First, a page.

title = {Characterization of culturable bacteria isolated from hot springs for plant growth promoting traits and effect on tomato {(\protect\emph{Lycopersicon} esculentum}) seedling},
     journal = {Comptes Rendus. Biologies},
     pages = {244--249},
     publisher = {Elsevier},
     volume = {340},
     number = {4},
     year = {2017},
     doi = {10.1016/j.crvi.2017.02.005},
     language = {en},
AU  - Kinjal Samir Patel
AU  - Jinal Hardik Naik
AU  - Sejal Chaudhari
AU  - Natarajan Amaresan
TI  - Characterization of culturable bacteria isolated from hot springs for plant growth promoting traits and effect on tomato (Lycopersicon esculentum) seedling
JO  - Comptes Rendus. Biologies
PY  - 2017
SP  - 244
EP  - 249
VL  - 340
IS  - 4
PB  - Elsevier
DO  - 10.1016/j.crvi.2017.02.005
LA  - en
ID  - CRBIOL_2017__340_4_244_0
ER  - 
%0 Journal Article
%A Kinjal Samir Patel
%A Jinal Hardik Naik
%A Sejal Chaudhari
%A Natarajan Amaresan
%T Characterization of culturable bacteria isolated from hot springs for plant growth promoting traits and effect on tomato (Lycopersicon esculentum) seedling
%J Comptes Rendus. Biologies
%D 2017
%P 244-249
%V 340
%N 4
%I Elsevier
%R 10.1016/j.crvi.2017.02.005
%G en
%F CRBIOL_2017__340_4_244_0
Kinjal Samir Patel; Jinal Hardik Naik; Sejal Chaudhari; Natarajan Amaresan. Characterization of culturable bacteria isolated from hot springs for plant growth promoting traits and effect on tomato (Lycopersicon esculentum) seedling. Comptes Rendus. Biologies, Volume 340 (2017) no. 4, pp. 244-249. doi : 10.1016/j.crvi.2017.02.005. https://comptes-rendus.academie-sciences.fr/biologies/articles/10.1016/j.crvi.2017.02.005/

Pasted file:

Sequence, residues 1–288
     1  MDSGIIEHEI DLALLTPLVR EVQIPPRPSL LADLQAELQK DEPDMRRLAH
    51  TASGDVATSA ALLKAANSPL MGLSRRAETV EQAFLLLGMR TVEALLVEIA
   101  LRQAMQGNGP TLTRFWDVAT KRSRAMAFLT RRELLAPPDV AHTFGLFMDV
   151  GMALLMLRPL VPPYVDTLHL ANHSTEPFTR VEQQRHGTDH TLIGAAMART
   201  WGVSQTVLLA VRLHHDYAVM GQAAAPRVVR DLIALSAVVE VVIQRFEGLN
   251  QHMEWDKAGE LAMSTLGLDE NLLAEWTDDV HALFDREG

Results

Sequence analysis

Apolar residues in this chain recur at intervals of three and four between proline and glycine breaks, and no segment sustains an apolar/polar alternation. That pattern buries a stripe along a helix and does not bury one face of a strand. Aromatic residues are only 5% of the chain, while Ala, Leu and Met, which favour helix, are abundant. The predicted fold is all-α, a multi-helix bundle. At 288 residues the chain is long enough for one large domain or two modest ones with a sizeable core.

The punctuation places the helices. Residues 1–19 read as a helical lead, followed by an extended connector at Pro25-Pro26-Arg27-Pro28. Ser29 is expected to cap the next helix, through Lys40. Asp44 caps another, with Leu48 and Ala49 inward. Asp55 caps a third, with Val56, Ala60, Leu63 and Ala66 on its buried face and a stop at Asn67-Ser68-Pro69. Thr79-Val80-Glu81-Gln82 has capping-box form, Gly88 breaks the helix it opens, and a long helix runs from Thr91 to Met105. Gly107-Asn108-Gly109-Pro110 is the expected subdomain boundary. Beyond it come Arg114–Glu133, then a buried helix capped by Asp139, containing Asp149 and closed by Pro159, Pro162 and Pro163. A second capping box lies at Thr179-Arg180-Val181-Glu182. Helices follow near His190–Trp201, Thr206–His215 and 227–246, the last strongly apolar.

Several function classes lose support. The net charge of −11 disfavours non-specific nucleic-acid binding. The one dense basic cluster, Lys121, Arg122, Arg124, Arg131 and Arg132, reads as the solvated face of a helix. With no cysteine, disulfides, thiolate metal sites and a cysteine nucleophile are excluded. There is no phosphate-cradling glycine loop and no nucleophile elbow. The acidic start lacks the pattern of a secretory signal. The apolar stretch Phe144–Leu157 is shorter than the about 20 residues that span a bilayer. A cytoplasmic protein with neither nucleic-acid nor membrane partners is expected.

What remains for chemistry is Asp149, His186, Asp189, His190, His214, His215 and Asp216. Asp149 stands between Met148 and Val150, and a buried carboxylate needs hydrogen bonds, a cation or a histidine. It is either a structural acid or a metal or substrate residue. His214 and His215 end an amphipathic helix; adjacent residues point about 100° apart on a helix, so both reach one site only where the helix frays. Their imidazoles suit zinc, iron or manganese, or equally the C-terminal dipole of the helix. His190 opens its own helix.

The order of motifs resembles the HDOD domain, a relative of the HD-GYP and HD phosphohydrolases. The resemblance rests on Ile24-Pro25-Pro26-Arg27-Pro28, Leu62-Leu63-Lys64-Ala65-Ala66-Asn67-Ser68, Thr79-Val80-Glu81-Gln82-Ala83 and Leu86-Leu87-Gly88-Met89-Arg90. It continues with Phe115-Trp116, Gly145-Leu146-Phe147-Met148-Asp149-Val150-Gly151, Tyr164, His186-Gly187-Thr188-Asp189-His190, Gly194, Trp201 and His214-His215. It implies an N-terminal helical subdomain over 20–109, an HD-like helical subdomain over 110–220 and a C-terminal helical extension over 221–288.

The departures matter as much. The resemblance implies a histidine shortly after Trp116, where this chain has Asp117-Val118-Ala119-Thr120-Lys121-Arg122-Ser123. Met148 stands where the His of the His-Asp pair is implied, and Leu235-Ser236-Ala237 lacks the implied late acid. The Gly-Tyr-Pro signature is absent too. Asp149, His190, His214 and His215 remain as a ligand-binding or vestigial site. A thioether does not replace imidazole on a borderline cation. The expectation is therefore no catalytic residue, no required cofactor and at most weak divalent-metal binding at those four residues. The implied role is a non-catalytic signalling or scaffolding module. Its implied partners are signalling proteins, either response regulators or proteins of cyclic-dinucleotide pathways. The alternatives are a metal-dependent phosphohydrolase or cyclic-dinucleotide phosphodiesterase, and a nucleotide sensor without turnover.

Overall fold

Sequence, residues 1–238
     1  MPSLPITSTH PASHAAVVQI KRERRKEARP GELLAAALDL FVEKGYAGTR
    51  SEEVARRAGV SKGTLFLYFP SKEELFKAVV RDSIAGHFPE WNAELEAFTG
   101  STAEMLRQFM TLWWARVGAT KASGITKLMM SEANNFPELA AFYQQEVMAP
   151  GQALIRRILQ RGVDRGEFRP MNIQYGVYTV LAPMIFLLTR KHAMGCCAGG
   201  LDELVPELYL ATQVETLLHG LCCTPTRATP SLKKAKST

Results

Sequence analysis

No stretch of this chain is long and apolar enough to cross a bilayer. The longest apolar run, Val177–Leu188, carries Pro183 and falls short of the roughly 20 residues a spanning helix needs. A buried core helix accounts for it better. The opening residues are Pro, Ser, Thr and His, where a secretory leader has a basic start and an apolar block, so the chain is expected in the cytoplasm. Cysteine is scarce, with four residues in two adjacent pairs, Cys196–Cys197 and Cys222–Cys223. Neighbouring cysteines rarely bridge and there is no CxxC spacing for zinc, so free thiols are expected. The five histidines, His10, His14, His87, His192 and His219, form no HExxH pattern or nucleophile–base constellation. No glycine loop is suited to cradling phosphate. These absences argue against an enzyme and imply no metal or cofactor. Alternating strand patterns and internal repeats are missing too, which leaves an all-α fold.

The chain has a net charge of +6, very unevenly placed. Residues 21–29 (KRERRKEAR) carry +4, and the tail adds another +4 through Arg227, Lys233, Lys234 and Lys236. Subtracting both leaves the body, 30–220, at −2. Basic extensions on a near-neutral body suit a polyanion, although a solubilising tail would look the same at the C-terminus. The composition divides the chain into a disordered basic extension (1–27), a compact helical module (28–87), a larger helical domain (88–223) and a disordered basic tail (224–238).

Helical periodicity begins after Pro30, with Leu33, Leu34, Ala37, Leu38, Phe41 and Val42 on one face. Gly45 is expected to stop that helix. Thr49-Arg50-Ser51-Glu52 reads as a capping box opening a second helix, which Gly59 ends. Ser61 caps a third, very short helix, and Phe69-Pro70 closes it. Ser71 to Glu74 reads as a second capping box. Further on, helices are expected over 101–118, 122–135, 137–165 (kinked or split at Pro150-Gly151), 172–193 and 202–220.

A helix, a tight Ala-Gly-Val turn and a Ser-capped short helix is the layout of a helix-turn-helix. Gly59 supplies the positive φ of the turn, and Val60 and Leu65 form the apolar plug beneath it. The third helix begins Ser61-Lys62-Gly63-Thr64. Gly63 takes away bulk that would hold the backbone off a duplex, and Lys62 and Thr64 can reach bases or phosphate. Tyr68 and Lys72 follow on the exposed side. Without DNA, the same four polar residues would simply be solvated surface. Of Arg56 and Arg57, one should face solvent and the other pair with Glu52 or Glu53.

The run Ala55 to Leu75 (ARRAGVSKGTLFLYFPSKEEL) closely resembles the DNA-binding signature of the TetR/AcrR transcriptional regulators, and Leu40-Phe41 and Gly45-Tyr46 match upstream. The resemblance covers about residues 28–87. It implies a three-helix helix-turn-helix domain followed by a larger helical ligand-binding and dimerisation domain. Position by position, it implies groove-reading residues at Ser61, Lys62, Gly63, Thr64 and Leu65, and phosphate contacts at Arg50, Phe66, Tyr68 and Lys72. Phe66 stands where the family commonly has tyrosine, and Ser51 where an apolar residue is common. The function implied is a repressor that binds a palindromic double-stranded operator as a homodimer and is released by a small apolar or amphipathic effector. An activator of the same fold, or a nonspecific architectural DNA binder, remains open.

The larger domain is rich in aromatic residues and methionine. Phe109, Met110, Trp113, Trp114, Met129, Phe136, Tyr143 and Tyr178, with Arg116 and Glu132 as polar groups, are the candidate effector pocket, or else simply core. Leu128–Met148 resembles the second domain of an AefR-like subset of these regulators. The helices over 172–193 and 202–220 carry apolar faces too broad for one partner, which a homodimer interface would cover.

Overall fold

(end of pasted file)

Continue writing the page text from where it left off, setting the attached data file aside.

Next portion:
Version originale du texte intégral

1 Introduction

Bacteria are ubiquitous and highly diverse. Bacterial population gains different significant properties according to their habitat and surrounding environment. In Gujarat, some areas are well known for natural hot water resources. Well-known hot springs are located in Tuwa, and Unnai. Hot water springs are manifestations of geological activity and represent extreme environment. Extremophiles isolated from extreme environments have a tremendous role in the production of thermopile enzymes that have wide applications in pharmaceutical and other industries [1]. Rhizobacteria growing in the site of hot spring can produce different compounds and enzymes that may have a beneficial role in plant growth promotion and can be used as an alternative chemical for plant growth promotion [2].